San Francisco Wipes Out 8,000 Marijuana Convictions with Computer Program

Many states and cities are taking on the initiative to wipe out old marijuana convictions as they pursue cannabis legalization. But the city of San Francisco has modernized the effort.

San Francisco District Attorney George Gascón announced yesterday that his office will wipe out more than 8,000 marijuana convictions automatically. Gascón's office teamed up with an organization called Code for America, a non-profit that uses open-source technology to help improve the government. Code for America set up a program that identified all marijuana cases from 1975 to now that are eligible for expungement under California's new laws. Gascón will now take the more than 8,000 eligible cases in front of a judge and ask for expungement.

While many cities and states are offering expungement for old marijuana crimes, the process is often confusing or expensive. For example, California's had an expungement process in place since recreational marijuana became legal last year, yet Gascón said only 23 people had asked for an expungement. That's 23 out of more than 8,000 possible cases that underwent the formal process without the automatic program.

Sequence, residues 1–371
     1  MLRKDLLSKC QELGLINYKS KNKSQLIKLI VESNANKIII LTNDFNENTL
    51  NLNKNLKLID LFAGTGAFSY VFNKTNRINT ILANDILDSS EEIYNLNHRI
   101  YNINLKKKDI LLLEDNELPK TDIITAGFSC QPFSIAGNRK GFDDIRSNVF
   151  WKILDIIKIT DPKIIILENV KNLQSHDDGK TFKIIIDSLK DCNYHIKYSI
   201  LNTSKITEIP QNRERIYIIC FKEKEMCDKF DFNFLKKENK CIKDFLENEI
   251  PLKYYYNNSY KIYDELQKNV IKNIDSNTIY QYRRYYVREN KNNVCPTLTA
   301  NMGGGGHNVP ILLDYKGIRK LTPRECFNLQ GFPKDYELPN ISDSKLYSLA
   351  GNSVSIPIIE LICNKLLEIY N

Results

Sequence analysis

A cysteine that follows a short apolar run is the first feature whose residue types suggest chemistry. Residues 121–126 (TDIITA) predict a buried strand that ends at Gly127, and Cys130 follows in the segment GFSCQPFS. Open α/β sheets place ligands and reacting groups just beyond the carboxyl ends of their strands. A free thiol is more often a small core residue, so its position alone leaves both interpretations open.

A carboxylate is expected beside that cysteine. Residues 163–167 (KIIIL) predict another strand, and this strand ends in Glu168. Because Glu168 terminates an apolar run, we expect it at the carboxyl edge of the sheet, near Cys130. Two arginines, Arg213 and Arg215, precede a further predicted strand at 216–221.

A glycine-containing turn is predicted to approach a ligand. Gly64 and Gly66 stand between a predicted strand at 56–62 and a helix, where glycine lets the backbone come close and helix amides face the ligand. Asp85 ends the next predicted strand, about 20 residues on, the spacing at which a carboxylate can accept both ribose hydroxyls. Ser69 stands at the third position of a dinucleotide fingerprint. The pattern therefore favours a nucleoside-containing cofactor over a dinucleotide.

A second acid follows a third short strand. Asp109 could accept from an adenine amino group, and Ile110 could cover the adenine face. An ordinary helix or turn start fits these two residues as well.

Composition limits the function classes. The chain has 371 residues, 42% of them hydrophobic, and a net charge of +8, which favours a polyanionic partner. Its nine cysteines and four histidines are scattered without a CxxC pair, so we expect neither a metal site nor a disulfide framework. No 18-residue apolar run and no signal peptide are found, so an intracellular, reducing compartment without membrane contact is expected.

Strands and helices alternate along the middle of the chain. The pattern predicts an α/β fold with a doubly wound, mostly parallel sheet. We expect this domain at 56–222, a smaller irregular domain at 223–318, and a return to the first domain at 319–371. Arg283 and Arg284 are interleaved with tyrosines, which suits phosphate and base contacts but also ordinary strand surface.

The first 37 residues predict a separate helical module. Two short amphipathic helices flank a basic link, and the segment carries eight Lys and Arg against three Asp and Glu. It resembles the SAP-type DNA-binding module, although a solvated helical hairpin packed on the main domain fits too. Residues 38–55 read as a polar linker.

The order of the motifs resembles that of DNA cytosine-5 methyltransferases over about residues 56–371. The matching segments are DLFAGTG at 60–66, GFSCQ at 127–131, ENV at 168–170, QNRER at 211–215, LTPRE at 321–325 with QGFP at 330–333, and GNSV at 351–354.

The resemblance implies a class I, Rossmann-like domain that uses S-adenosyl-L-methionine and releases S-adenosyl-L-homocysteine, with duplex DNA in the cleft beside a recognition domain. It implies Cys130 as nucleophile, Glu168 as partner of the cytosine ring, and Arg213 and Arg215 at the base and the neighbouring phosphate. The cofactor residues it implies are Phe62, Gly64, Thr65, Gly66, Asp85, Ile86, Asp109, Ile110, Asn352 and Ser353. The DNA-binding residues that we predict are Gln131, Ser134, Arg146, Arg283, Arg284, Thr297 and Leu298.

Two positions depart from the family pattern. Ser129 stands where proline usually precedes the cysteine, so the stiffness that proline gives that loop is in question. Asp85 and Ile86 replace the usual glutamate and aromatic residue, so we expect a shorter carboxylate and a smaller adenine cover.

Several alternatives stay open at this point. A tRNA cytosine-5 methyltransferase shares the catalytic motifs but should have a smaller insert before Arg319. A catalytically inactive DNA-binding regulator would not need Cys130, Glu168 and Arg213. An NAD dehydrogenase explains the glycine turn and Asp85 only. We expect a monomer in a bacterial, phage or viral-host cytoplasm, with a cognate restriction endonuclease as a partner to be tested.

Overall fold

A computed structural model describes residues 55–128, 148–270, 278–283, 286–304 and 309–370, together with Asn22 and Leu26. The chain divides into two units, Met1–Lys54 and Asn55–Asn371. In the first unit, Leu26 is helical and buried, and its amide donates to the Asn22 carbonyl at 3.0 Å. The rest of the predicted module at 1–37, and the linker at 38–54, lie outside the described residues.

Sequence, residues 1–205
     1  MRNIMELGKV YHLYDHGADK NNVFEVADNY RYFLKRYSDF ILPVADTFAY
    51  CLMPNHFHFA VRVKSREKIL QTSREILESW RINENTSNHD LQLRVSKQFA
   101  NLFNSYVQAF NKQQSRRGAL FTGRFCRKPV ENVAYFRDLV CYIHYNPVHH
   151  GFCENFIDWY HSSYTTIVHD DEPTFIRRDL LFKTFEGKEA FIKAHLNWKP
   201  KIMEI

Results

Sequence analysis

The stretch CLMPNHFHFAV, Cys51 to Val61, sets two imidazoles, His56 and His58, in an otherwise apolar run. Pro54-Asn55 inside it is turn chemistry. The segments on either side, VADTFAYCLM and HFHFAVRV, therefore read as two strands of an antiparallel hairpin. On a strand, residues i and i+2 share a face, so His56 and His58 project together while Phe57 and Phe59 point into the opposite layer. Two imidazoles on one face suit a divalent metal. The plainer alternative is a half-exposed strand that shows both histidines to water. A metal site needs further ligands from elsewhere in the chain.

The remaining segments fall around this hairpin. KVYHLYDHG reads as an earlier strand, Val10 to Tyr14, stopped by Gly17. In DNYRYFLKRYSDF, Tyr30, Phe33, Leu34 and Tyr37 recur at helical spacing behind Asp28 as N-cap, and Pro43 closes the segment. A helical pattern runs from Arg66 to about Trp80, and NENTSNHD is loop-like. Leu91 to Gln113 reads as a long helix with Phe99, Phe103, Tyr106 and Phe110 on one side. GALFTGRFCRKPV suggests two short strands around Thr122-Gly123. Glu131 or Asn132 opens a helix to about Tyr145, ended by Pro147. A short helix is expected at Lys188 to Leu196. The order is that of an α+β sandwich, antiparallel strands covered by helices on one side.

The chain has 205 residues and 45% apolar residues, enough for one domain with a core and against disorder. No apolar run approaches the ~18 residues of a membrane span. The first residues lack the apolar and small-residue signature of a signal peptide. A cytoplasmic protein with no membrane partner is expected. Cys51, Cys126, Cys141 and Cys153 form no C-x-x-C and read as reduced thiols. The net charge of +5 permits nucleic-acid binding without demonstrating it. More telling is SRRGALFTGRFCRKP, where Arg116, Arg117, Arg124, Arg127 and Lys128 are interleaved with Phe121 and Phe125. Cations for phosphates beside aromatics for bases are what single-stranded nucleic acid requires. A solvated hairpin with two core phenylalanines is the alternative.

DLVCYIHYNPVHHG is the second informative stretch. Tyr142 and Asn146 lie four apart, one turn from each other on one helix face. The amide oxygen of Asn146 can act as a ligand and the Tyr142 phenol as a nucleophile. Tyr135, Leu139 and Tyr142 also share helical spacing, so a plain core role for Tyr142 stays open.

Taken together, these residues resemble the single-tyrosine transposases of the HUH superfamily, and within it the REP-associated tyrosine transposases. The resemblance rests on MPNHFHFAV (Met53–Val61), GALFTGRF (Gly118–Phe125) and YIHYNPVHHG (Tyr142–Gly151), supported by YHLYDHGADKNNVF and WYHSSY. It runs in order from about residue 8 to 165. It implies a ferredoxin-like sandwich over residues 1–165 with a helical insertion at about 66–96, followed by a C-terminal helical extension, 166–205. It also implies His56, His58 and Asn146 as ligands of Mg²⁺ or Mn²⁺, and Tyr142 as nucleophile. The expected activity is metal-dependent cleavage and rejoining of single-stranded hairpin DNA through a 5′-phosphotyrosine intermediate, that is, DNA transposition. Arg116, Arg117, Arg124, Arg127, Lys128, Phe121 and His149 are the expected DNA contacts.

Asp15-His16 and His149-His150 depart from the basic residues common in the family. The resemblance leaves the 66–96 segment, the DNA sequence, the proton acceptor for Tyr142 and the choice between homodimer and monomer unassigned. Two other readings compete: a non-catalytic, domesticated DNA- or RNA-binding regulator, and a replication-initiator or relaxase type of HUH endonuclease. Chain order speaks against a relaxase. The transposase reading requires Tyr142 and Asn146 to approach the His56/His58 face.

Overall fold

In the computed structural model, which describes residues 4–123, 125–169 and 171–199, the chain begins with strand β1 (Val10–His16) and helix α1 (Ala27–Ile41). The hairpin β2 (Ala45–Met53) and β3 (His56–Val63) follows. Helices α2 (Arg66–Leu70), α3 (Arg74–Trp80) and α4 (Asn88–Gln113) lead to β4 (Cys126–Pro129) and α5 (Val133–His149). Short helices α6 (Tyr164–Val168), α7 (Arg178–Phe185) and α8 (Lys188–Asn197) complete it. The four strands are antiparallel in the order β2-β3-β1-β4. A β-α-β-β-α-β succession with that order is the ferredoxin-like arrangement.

So clearly this automatic program will benefit far more people than normal expungement laws. Perhaps other cities and states should follow suit.

(h/t San Franciso Chronicle)

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California may have been the first in the country to pioneer cannabis law reform, but the Golden State is still struggling to eliminate the black market and sell affordable, legal pot. In 1996, California voters passed Prop 215 to legalize medical marijuana. In the years immediately following its passage, medical cannabis was a small and largely unregulated affair.

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